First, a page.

Sangha has already led Australia Under-19s in a bilateral series against Sri Lanka at home in April. He made news in November when he became the youngest first-class centurion in the country since Ricky Ponting in 1992-93. It was a pre-Ashes warm-up fixture and Sangha was facing an attack that included Chris Woakes, Craig Overton and Moeen Ali. He held firm to bring up a superb century, one he says gave him oodles of belief.

“It was still quite a competitive game, they wanted to win but so did we,” he says. “It was a great experience. You don’t really get to play those oppositions that often. Especially as a young kid it’s awesome to get the opportunity to play against an international attack. To get that hundred against England absolutely meant the world to me, a lot of preparation went into that. I’m just glad it happened.”

His form leading into the game helped too. Playing for the Randwick Petersham Cricket Club in Sydney, which gave David Warner and Usman Khawaja to Australia, he smashed two big hundreds in the New South Wales Premier Cup. He looks back on these knocks fondly and though he is happy with where his game is at, he is eager for more success.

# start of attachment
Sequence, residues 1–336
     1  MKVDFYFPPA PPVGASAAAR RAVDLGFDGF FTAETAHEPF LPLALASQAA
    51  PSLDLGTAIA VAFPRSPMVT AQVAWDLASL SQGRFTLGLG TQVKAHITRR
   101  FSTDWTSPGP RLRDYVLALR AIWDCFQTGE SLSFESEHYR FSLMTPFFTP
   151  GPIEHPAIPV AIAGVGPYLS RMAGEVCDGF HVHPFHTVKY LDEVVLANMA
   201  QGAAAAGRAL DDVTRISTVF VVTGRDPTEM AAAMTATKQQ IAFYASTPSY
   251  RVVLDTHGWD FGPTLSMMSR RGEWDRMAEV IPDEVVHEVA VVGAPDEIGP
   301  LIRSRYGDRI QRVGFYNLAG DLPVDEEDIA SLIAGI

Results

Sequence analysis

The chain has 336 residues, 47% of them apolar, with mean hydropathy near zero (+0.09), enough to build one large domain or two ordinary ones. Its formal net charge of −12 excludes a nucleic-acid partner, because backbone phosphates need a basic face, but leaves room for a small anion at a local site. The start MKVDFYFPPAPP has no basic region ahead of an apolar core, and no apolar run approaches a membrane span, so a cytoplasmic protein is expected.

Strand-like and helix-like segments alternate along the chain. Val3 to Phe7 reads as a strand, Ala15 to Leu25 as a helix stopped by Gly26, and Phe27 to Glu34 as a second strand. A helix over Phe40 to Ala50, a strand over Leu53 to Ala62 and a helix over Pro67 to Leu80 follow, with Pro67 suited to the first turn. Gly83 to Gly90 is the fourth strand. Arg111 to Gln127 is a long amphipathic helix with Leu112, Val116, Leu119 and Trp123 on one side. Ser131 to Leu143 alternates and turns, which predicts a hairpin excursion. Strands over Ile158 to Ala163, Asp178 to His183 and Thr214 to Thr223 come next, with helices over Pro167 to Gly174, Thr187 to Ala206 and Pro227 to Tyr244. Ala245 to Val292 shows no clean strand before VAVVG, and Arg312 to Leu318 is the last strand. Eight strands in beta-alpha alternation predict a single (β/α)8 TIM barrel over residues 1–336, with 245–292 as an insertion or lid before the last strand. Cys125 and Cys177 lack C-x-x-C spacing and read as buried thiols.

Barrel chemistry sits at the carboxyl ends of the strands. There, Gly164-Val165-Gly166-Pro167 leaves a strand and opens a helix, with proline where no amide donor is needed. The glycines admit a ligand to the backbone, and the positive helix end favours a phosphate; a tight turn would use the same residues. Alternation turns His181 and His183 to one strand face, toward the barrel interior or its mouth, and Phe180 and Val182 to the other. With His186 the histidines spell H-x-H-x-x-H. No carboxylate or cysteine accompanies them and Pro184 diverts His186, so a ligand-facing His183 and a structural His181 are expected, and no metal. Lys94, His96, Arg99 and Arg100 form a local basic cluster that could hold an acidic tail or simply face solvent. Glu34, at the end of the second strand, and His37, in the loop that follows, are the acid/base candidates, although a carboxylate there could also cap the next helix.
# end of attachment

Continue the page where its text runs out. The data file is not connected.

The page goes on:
“For me, I don’t feel I’m there in cricket yet,” he says when asked about having to choose between cricket and university. “Obviously signing with the New South Wales and Sydney Thunder is good, but I always think I can always get better. So I feel I still haven’t quite made it yet into where I want to be in cricket. The Under-19 World Cup is obviously a massive pathway for me to showcase my skills for the future.”

Sangha loved netting three-pointers and slam dunks as he grew up. He also played a bit of soccer, but was only convinced of cricket as a career option when he made it to the Australia Under-16 side five seasons ago. “That was probably my first major milestone and that’s when I thought I’ll try and pursue cricket a fair bit,” he says. “The best thing about Australia is that there are so many different sports that we play.